News Column

Patent Issued for Direct Tie-In of a Backup Power Source to Motherboards in a Server System

May 28, 2014

By a News Reporter-Staff News Editor at Journal of Engineering -- A patent by the inventors Park, Seung Hoon (Fremont, CA); Michael, Amir Meir (San Mateo, CA), filed on July 24, 2009, was published online on May 13, 2014, according to news reporting originating from Alexandria, Virginia, by VerticalNews correspondents.

Patent number 8723362 is assigned to Facebook, Inc. (Menlo Park, CA).

The following quote was obtained by the news editors from the background information supplied by the inventors: "This invention relates generally to power electronics, and more particularly to providing backup power for multiple servers in a data center and/or to other critical electrical equipment.

"Organizations often employ data centers to manage their data processing and other computing needs. A data center typically houses many racks of servers, which together perform the processing tasks that a single machine could not. The role of a data center is often critical to an organization, and downtime of a data center can result in severe consequences to the organization and to others who may rely on the data center. Since power failures are not uncommon, data centers use power backup systems to deal with interruptions in the supply of power from utility services that would otherwise result in downtime.

"One power backup system designed to provide emergency power to computing resources is called an uninterrupted power supply (UPS). In a typically data center deployment, a UPS is placed between the input power terminal from a utility service and one or more power distribution units in the data center, to which the servers are connected. When the utility power is functioning properly, the UPS uses a portion of the utility power to charge a battery within the UPS, using an internal rectifier to convert the AC power from the utility service into DC power for charging the battery. The majority of the remaining power from the utility service is passed along for use by the site. If an interruption in the utility power occurs, the UPS provides temporary backup power to the site by using an inverter to convert the DC power stored in its battery into AC power. This temporary power is available for a short period of time, allowing an auxiliary power supply (such as a generator) to be turned on or allowing the equipment to be shut down safely, thereby avoiding catastrophic loss.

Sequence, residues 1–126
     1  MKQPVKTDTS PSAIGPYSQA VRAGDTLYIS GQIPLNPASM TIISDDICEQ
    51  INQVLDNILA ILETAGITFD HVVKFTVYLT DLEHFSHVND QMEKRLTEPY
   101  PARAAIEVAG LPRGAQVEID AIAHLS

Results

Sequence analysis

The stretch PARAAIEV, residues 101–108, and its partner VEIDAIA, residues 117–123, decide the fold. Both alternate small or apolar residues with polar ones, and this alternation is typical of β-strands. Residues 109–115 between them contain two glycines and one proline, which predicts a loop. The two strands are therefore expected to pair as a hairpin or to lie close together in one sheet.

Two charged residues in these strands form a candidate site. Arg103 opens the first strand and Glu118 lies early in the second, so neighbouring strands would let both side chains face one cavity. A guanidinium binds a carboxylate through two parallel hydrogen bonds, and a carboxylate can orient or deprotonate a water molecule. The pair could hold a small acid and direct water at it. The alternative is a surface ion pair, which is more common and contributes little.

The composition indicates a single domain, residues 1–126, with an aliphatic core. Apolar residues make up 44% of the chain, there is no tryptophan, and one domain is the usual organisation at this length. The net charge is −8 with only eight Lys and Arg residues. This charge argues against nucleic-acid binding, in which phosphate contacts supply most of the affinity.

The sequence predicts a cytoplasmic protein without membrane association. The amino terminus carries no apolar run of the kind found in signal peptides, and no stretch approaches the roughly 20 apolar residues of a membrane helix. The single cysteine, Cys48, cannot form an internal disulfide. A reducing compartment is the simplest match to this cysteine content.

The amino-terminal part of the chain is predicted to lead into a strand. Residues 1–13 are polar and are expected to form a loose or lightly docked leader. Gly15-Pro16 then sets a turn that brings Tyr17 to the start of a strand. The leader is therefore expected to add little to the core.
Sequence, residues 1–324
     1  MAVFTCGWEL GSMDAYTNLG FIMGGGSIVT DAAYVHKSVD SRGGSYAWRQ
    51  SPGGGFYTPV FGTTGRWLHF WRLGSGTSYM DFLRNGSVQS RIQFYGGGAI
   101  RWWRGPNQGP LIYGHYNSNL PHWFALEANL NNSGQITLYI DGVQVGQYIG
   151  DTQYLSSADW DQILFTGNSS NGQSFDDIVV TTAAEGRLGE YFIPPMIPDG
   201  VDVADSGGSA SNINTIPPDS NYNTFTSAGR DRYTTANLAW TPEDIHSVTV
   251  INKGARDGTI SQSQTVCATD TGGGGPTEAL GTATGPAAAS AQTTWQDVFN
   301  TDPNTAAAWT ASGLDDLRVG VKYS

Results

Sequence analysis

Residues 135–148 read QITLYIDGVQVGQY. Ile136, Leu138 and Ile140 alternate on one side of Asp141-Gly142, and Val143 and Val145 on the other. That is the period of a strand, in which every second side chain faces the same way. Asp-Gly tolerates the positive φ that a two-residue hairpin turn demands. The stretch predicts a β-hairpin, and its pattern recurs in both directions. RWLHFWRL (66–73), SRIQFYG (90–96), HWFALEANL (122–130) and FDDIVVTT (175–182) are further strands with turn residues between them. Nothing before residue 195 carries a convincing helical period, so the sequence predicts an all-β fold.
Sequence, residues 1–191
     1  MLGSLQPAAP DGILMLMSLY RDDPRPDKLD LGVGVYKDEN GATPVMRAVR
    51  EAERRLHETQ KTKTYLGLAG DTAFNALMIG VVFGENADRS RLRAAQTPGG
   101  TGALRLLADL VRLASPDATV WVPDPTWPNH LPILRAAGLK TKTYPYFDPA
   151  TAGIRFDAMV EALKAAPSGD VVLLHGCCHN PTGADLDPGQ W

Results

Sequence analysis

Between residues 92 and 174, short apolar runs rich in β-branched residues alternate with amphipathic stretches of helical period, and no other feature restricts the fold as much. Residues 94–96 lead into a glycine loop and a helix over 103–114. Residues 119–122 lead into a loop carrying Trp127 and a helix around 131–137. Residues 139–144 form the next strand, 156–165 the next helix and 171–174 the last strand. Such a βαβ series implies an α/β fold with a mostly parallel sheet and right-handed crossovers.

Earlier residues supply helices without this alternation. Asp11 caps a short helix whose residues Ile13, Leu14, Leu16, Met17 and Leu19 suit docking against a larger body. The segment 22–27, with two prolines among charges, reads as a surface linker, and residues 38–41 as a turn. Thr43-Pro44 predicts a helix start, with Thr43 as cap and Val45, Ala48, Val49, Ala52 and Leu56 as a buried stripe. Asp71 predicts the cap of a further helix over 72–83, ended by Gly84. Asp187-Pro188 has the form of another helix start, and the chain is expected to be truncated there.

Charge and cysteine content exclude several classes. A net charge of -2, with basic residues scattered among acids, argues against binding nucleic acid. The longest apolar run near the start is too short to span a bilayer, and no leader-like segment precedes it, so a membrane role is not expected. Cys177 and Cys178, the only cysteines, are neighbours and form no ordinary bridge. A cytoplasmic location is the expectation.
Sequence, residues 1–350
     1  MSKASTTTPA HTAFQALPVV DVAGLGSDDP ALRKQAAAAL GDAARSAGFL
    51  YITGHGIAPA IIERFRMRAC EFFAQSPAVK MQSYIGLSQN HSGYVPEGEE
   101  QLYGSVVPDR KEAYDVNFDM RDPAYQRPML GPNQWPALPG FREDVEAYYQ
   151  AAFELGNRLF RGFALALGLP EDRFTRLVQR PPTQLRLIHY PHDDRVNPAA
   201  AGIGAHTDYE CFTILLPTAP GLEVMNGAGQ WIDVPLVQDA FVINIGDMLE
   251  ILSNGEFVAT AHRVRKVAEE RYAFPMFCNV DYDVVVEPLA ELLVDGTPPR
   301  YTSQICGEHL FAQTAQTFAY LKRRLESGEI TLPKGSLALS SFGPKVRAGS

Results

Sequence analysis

"Because the power conversions performed by the rectifiers and inverters in the UPS are relatively inefficient, the UPS process can result in a power loss of up to 10-12%. For large data centers, this inefficiency can be very significant. Not only is this a waste of electrical power and the costs associated therewith, it also produces heat at the UPS and thus requires additional electrical power to remove the additional heat using an air conditioning system. It would be desirable, therefore, to eliminate the need for the UPS system altogether, while still providing backup power to critical electrical equipment.